SAN JOSE -- San Jose and its police union struck a deal on reducing pensions for new officers late Thursday, ending a months-long battle over efforts to cut costly retirement benefits at least for future city cops.
The settlement with the San Jose Police Officers' Association came on the eve of what would have been the city's first open arbitration hearing Friday to settle the dispute under terms voters approved in 2010 requiring arbitrators to weigh the city's ability to afford union pay and benefit requests. The two sides still plan to meet Friday morning with the retired judge acting as arbitrator to formalize the settlement.
"We deeply appreciate the work that the POA has put into these negotiations and the positive outcome avoiding arbitration," said City Manager Debra Figone.
San Jose has been locked in a bitter dispute with its employee unions over retirement benefits whose costs more than tripled in a decade, devouring funds for staffing and services. Voters have overwhelmingly backed the city in a series of ballot measures aimed at checking those costs. But unions are fighting in court to overturn the most recent, Measure B passed last June, which limits new-hire pensions and asks current employees to pay more toward the benefit or choose a reduced plan for their remaining years on the job.
The settlement comes at a critical time as the city is furiously recruiting officers to replace a rash of retirements and resignations over the past year. The Police Department, with approved staffing of 1,109 sworn officers, has fewer than 1,000 on full duty, well short of the nearly 1,400 on the force a few years ago.
John Robb, the officers' association vice president, blamed Mayor Chuck Reed for the officer exodus and said the deal on lowering pensions for new cops will only make it worse.
"This agreement provides little incentive for a police officer to come to work in San Jose when all they have to do is step over our city border and work for an agency that pays substantially more and provides a retirement plan commensurate with the risk of doing police work," Robb said. "Unfortunately, under the legally challenged Measure B, this represents the maximum benefit that we could have negotiated and neighborhood safety will pay the price for Mayor Reed's stubbornness."
San Jose already reduced the pensions offered to 118 new city hires outside the police and fire departments as called for in Measure B. But San Jose could not do the same for new cops and firefighters without union consent because of arbitration rights voters approved in 1980 to settle pay and benefit disputes with the city. Voters however limited those rights with Measure V in 2010. It requires arbitrators to hold open hearings and consider the city's ability to afford compensation hikes without cutting services.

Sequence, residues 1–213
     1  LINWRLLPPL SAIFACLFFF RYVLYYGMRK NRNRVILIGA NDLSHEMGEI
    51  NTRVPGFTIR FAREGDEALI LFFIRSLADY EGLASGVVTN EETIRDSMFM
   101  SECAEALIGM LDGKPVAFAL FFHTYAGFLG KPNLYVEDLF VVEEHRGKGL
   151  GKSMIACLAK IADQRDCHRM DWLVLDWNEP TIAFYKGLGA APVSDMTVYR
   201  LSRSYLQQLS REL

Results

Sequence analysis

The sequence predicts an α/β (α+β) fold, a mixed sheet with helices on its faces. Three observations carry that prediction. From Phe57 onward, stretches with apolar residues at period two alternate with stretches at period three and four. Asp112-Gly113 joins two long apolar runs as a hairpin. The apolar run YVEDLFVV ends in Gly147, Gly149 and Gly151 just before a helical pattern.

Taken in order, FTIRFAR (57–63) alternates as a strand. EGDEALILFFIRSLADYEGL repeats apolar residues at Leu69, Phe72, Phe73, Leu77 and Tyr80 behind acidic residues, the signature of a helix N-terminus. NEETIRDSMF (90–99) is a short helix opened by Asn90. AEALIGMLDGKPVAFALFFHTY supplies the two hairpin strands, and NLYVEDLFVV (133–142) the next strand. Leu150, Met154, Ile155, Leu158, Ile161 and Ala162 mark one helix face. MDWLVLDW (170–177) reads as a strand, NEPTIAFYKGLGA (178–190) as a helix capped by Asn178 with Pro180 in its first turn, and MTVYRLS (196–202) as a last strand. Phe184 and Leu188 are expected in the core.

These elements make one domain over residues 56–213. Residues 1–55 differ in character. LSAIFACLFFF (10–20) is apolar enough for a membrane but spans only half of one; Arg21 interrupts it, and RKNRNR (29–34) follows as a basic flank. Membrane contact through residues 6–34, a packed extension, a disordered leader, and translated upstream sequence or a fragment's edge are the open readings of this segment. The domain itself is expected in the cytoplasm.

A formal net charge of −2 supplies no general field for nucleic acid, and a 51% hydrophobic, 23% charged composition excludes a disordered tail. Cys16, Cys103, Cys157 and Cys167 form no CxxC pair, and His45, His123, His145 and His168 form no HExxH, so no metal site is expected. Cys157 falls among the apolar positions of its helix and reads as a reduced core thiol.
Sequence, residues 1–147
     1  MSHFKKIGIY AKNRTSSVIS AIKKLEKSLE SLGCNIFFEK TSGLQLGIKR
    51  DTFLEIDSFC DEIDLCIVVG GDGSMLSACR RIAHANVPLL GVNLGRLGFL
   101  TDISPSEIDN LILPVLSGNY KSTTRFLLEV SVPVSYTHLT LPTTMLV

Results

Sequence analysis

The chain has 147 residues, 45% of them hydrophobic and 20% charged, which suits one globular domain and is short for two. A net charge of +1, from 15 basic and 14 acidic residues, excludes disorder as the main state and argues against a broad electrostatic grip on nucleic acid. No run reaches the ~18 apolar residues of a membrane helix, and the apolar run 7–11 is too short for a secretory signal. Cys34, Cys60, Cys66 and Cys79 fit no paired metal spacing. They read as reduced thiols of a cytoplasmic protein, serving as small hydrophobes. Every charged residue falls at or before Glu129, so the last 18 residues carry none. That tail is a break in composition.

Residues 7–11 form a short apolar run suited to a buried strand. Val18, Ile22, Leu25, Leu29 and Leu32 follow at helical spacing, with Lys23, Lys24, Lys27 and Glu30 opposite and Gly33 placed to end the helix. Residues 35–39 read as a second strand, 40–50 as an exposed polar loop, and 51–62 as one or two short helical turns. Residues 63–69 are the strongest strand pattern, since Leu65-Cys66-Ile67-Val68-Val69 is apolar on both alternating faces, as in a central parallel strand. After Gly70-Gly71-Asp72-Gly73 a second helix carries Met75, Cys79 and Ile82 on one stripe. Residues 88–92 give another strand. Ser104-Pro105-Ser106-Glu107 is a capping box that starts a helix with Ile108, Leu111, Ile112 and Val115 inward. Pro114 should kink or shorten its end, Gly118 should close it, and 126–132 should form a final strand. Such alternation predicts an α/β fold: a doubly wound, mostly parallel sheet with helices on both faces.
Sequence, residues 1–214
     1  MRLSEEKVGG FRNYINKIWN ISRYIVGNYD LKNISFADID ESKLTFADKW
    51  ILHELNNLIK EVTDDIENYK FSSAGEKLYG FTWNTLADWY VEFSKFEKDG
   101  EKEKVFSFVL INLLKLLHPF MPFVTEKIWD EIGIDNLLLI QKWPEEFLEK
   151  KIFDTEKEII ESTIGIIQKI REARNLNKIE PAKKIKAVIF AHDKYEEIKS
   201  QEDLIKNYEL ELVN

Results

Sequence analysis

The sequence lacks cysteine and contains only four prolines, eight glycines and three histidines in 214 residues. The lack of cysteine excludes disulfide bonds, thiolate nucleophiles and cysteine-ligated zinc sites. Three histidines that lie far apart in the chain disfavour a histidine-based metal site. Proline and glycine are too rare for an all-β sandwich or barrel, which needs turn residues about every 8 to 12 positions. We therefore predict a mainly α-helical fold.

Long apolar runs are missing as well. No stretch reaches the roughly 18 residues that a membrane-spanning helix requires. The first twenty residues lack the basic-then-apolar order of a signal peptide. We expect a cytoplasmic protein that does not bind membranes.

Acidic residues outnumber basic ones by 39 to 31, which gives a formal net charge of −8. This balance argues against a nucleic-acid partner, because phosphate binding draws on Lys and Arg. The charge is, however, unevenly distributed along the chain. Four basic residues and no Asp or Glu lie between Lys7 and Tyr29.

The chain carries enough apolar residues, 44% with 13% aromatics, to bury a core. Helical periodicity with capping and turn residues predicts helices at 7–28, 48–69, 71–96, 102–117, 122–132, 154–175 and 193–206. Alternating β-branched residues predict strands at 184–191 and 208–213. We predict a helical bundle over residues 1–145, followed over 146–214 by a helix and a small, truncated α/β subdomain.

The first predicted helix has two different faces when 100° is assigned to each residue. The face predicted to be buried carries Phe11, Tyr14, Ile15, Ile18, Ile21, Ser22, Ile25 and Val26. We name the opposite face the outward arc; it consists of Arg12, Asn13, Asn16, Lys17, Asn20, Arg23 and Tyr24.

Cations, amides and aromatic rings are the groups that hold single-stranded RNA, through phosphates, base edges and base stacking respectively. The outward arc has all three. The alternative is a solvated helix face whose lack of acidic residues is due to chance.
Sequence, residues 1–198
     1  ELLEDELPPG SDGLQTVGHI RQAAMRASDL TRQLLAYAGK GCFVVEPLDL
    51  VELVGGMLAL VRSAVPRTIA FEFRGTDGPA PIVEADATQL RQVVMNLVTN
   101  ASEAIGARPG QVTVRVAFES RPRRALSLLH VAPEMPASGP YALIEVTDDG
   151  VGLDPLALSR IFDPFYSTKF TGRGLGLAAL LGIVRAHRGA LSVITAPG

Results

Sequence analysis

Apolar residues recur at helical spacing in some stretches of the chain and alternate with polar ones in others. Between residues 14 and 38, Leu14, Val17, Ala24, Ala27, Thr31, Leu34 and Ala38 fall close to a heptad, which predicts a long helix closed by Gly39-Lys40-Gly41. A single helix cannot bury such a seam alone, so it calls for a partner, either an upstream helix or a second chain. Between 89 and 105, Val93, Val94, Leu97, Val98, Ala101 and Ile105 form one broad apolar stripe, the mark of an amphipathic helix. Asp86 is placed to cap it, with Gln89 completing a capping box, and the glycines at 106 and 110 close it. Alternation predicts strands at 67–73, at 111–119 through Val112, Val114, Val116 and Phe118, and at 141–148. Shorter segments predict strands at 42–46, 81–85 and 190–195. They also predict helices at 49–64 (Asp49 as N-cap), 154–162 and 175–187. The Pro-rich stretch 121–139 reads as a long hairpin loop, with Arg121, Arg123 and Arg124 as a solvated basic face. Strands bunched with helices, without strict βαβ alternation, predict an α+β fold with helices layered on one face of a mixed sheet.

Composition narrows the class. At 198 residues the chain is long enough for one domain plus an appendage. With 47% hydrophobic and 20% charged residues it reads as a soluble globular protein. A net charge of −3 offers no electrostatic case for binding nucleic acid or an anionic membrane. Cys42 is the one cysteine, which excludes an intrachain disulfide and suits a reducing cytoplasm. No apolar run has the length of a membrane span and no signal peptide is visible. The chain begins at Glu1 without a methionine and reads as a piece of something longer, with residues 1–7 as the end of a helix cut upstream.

Reed said earlier this week that the limits he called for in Measure V would encourage a settlement favorable to the city.
"We have new restraints on the ability of arbitrators to come into town, give away a bunch of money and leave," Reed said before the settlement was reached. "It will all have to be done in public, and they can't spend money we don't have."
Reed has blamed the shrinking police force on soaring pension costs, noting the Police Department lost a fifth of its officers while its budget grew by $96 million over a decade.
City correspondence with the officers' union showed the two sides agreed on the basics of a new-officer pension plan. It would raise the minimum age for full retirement benefits from 50 to 60 and lower benefit formulas. The maximum pension would be 65 percent of pay instead of 90 percent, with cost-of-living increases capped at 1.5 percent instead of the current 3 percent.
Disagreements centered on the city's right to amend the plan in the future and whether the reduced benefit should remain or be renegotiated for new hires if Measure B is blocked. It was unclear late Thursday how the settlement resolved those issues.
To date, none of Measure B's provisions have applied to city officers pending the outcome of legal challenges. Unions argue that Measure B violates employees' "vested rights" to the same or better retirement plan in place when they were hired. But the vested right protections only apply to current employees, giving government employers much more leeway in reducing retirement benefits for new hires.
San Jose officials have yet to reach an agreement with firefighters on new-hire pensions, and the city is asking a judge to compel arbitration.
The city and police still are scheduled for arbitration starting May 6 at City Hall on renewing the police officers' contract. The officers are seeking to restore 10-percent pay cuts and additional raises, while the city is seeking limited raises. The two sides have chosen retired Judge John A. Flaherty as the neutral arbitrator.
Contact John Woolfolk at 408-975-9346. Follow him at Twitter.com/johnwoolfolk1.
San Jose and its police officers settled a dispute over reduced pensions for new officers on the eve of the city's first scheduled open arbitration hearing. Some facts about the dispute: